Orange, Chili, and Thyme Grilled Chicken

Orange, Chili and Thyme Grilled Chicken
Katie Workman /
  • Total: 15 mins
  • Prep: 5 mins
  • Cook: 10 mins
  • Marinate: 2 hrs
  • Yield: Serves 8 to 10

You don't have to use freshly squeezed orange juice, but it does make a big difference. If you don’t have sambal oelek (see Note) you can use a different kind of chili sauce—adjust the amount accordingly—the measurement depends on how hot the sauce you choose is.  

This makes a lot of chicken, but you can definitely cut the recipe in half for a smaller crowd or a family meal. Leftovers are great over green salads, like this kale quinoa salad.


  • 1 cup fresh orange juice
  • ¼ cup canola, vegetable or other neutrally flavored oil
  • ¼ cup minced shallots
  • ½ cup fresh thyme leaves
  • 2 tablespoons sambal oelek (see Note)
  • Kosher or coarse salt and freshly ground pepper to taste
  • 3½ pounds boneless, skinless chicken breasts

Steps to Make It

  1. Gather the ingredients.

  2. In a large container or a large zipper top bag, combine the orange juice, oil, shallots, thyme, sambal oelek and salt and pepper.  Add the chicken breasts, turn to coat and marinate in the fridge for at least 2 hours and up to 8.

  3. Preheat the grill to medium-high, or heat a grill pan – lightly brushed with oil – over medium-high heat on the stove.  Grill or pan grill the chicken for about 5 minutes on each side, until just cooked through.  Let it sit for a few minutes, then slice and serve.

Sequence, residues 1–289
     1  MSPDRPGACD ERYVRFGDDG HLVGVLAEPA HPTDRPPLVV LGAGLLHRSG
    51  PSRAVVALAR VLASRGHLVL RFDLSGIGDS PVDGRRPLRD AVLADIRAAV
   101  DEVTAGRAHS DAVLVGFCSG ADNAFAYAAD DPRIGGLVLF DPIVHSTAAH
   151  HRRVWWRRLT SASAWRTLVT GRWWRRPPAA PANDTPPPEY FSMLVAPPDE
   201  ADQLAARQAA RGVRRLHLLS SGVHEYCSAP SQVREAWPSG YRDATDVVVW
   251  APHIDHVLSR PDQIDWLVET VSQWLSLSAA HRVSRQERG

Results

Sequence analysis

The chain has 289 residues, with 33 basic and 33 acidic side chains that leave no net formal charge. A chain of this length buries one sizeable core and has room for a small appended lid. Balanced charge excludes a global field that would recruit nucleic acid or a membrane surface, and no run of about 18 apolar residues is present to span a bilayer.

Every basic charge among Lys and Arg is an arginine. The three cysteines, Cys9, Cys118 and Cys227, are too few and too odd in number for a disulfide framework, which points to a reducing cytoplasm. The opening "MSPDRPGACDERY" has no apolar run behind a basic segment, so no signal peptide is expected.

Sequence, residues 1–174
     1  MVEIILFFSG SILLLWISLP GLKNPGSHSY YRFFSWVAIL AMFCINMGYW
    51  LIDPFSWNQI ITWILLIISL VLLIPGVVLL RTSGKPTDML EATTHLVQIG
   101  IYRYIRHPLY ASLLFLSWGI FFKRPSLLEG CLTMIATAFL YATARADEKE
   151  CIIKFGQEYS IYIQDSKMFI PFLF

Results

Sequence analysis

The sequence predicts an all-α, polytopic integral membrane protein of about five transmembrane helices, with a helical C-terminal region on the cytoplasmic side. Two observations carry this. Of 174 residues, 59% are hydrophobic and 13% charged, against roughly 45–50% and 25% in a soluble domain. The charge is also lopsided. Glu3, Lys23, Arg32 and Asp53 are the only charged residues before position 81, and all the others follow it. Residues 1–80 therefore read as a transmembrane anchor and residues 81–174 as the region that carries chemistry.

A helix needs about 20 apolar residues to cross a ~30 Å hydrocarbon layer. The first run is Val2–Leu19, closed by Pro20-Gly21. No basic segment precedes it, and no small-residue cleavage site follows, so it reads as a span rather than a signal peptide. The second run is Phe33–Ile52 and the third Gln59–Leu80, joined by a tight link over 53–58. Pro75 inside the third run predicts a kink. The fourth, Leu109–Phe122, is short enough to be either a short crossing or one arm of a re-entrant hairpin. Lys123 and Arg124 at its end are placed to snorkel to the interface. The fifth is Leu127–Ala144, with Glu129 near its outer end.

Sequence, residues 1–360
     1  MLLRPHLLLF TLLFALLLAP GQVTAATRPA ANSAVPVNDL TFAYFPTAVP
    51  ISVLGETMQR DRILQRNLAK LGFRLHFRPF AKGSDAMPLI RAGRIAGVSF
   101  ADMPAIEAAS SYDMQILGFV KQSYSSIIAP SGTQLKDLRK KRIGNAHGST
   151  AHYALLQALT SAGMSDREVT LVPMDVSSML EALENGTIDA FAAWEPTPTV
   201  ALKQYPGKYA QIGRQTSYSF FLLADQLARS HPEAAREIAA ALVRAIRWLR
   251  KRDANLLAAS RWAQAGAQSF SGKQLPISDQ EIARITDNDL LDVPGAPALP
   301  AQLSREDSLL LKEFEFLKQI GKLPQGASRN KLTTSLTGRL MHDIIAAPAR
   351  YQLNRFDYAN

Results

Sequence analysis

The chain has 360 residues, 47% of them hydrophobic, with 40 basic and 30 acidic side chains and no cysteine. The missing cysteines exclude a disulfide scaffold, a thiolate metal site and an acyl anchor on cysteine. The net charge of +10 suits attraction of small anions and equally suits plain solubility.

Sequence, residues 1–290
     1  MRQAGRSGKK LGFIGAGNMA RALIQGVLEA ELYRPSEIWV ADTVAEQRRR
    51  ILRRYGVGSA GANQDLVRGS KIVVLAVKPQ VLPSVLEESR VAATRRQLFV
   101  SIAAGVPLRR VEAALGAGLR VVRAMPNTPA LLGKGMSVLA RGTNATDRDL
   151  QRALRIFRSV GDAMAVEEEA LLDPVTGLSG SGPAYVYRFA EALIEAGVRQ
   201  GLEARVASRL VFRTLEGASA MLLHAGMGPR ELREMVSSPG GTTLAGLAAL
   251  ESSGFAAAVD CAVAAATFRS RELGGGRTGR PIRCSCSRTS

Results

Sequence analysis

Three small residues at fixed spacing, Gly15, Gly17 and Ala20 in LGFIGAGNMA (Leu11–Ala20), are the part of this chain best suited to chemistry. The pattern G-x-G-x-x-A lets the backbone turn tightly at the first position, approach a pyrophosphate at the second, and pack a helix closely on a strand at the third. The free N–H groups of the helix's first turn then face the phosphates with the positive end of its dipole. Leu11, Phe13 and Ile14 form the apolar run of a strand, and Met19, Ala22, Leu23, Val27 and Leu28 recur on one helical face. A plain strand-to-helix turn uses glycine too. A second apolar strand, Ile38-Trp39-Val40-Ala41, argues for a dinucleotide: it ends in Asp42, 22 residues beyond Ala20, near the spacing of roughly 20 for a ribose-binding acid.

In an article by the Kitchn, Sambal oelek is compared to Sriracha:

"Sambal oelek is a spicy Southeast Asian chile sauce made from hot red chile peppers, salt and sometimes vinegar. Some versions can also contain onion, lemon or lime juice, garlic, or sugar.

Sambal is an Indonesian term that refers to a sauce made with chile peppers and can include a variety of secondary ingredients. There are a lot of different types of sambals. Oelek, which is sometimes also referred to as olek or ulek, refers to the mortar and pestle used to make this type of sambal in Indonesian kitchens.

Compared to sriracha, sambal oelek is less acidic and lacks a strong presence of vinegar, so you can add heat to a dish without impacting the overall flavor. Sambal is also a slightly thicker, slightly chunkier sauce with chile pepper seeds included throughout. It packs more of a fiery punch, and if you're adding heat to your food, that's what you want!"

Bottom line, there's a hot sauce for every taste and sambal oelek could add just the spicy kick you're looking for.

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